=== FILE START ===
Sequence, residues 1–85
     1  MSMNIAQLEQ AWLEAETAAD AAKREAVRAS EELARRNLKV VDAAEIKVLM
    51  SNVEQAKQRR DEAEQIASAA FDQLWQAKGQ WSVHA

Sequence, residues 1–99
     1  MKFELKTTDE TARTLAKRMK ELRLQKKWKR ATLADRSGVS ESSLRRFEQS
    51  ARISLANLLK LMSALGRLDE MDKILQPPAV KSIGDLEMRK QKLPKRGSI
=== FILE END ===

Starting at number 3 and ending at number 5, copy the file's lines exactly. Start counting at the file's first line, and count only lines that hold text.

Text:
    51  SNVEQAKQRR DEAEQIASAA FDQLWQAKGQ WSVHA

Sequence, residues 1–99
     1  MKFELKTTDE TARTLAKRMK ELRLQKKWKR ATLADRSGVS ESSLRRFEQS